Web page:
INTERVIEW: Mimi Zieman, Author of Tap Dancing on Everest : A Young Doctor’s Unlikely Adventure

Interview by Michèle Dawson Haber

Print Friendly, PDF & Email

Book Cover: Tap Dancing on Everest by mimi ziemanIn 1988 at the age of 25, Mimi Zieman, a third-year medical student, joins an expedition team of four male climbers attempting a new route on the East Face of Mt. Everest, considered the most remote and dangerous side of the mountain and only successfully climbed once before. As the team’s doctor, she is responsible for the climbers’ nutritional preparation, physical training, preventing altitude sickness, and treating any medical emergency on the mountain. She is a New York City-raised daughter of a Holocaust survivor, a former dancer, and she is full of self-doubt.

She hopes nothing will go terribly wrong, but of course it does. When three of the climbers disappear during their summit attempt, Mimi must tap deep into her reserves of strength and resilience to stay focused on the welfare of her teammates. Tap Dancing on Everest : A Young Doctor’s Unlikely Adventure (Falcon, April 2024) is a riveting, profoundly wise coming-of-age memoir written in stunning, breathtaking detail that kept me up well past my bedtime.

I am not an athlete or a risk taker. My idea of a winter adventure is leaving the house without ice grips strapped to my boots. Mimi’s extraordinary Tap Dancing on Everest has plenty of treacherous, cinematic scenes that are light years beyond my experience, and yet, I found much to relate to. It is as much a story about family, identity, and pushing through the boundaries of what scares us as it is about a perilous mountain adventure.

Mimi is an author, playwright, physician, and speaker who writes about medical topics to empower people with information and writes creatively to explore the meaning behind experiences we share. Her play, The Post-Roe Monologues, uses storytelling to promote empathy, and her medical guide, Managing Contraception, is in its 16th edition with over one million books circulated to health care providers. Her writing has appeared in Newsweek, The Sun Magazine, Ms. Magazine, The Forward, NBC News THINK, Dorothy Parker’s Ashes, and other publications.

Last month, we got together for a delightful and engaging Zoom conversation about the universal themes in her story, the craft challenges she faced while writing it, and her path to publication.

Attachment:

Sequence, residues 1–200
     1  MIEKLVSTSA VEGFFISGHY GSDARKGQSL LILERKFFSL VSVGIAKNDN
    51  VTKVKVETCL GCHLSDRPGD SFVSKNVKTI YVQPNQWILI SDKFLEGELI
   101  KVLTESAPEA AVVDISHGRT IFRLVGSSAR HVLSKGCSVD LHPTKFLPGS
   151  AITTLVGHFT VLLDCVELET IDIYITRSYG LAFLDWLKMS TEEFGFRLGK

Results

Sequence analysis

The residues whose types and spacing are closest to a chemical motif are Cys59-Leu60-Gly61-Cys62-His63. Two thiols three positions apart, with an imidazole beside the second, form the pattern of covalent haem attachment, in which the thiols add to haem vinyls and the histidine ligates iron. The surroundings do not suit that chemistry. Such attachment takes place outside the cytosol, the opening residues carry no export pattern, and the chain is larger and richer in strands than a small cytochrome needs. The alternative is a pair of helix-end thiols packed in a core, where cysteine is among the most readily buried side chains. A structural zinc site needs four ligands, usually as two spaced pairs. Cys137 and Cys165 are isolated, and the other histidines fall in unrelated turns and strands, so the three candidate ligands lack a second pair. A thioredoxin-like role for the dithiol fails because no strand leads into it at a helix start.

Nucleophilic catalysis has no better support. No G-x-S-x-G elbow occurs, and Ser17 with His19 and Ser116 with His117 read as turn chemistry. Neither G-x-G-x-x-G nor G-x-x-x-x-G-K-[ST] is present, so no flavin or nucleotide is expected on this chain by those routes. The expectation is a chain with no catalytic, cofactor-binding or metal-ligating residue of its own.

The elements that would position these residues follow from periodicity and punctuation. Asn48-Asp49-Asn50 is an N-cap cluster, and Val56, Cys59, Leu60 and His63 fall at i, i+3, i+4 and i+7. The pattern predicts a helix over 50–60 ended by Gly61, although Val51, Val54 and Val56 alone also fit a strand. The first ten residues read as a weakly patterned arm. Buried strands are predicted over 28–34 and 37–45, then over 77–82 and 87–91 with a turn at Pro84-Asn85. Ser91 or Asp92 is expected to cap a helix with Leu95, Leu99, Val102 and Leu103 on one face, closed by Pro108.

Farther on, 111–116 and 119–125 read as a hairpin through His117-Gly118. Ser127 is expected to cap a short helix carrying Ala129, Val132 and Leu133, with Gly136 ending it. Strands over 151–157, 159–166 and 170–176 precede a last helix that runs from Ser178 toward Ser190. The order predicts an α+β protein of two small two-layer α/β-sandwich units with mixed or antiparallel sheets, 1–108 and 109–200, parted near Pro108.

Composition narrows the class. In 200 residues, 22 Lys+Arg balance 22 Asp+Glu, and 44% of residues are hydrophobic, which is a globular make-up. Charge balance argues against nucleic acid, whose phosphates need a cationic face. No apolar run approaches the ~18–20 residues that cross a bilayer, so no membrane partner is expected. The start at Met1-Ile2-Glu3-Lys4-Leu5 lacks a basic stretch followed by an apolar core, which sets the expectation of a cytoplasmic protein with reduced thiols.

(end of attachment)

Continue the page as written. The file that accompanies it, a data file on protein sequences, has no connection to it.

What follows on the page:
Michèle Dawson Haber: Congratulations, Mimi, on the publication of this incredible memoir. As I’ve steeped myself in your story, I found so many pathways in (pun intended!). You could have just written a straight up account of your adventure and that would have been gripping enough. But instead, you’ve done so much more, and these are the parts I’d like to explore further with you.

Let’s begin at the starting point: your family, what you call your map of origin. You come from people who have surmounted very difficult challenges to survive and thrive. At what point did you realize that your origins might have something to do with how you ended up on a Mt. Everest expedition fighting for survival, of yourself and others?

Mimi Zieman: Honestly, it wasn’t until writing the book. I always wanted to tell this incredible adventure story that I was a part of, but I never intended to write about my family. When I started to write, stories about my family poured onto the page. It was only then that I realized the story I wanted to tell wasn’t just about the adventure, but how and why I ended up on Everest as a twenty-five-year-old medical school student from the Bronx, raised as a New York City girl.

MDH: Can you talk a little bit about how your father’s story of survival was the backdrop of your own story?

MZ: I have a scene in the book when I hear my father’s story for the first time at six years old. I remember feeling shock and helplessness, and sort of losing trust in the world. It impacted me enormously. His story is very tragic. He was born in Latvia. In 1941, while he was fighting with local anti-German resistance forces, Nazi collaborators took his parents and siblings along with the other Jewish occupants of their small Jewish shtetl and shot them in the forest. He didn’t learn about their fate until after the war. My father had a harrowing journey of survival that included being a slave laborer in Siberia and later impersonating a Polish citizen to join their resistance. After moving to America with my mother, he became a psychotherapist and used his experiences to help others overcome their traumatic pasts. I wanted my book to be part of the literature of children of Holocaust survivors.

I grew up in a family of immigrants—my grandmother, who I write a lot about, fled Germany in 1933. She and my parents had all been displaced and learned how to adapt and survive. Their experiences made me feel like whatever I was facing was insignificant. I didn’t feel like I could ask them for help since they were busy building new lives. I felt on my own from a young age and I think that forced me to find my own path and be independent. What I learned as a child of immigrants is to think of opportunities that came my way as real possibilities. I heard this described recently by another child of immigrants as a mindset of saying “yes.”

My father and his family were persecuted, had no choice in their lot, and he survived. Because of my family, I had choices. My father’s story was haunting but in no way a parallel. It influenced me to want to live fully.

MDH: At every turn in your story, the reader is aware of the unlikeliness of what they’re reading. First there is the premise of a New York-raised Jewish woman with no family legacy of athleticism headed toward a comfortable and fulfilling life as an OB/GYN volunteering  to be the supporting doctor on an Everest team in Tibet while still a medical student. Then there is the attempt itself: a new route on the most dangerous side of the mountain with no supplemental oxygen, porter support, or chance of rescue. And there are more examples, such as why someone would pack their tap shoes for an expedition on the tallest mountain in the world. To me the essence of your story is about stepping off the path of expectation and convention. Can you explain how you came to embrace this life of uncertainty and nonconformity and what it’s given you?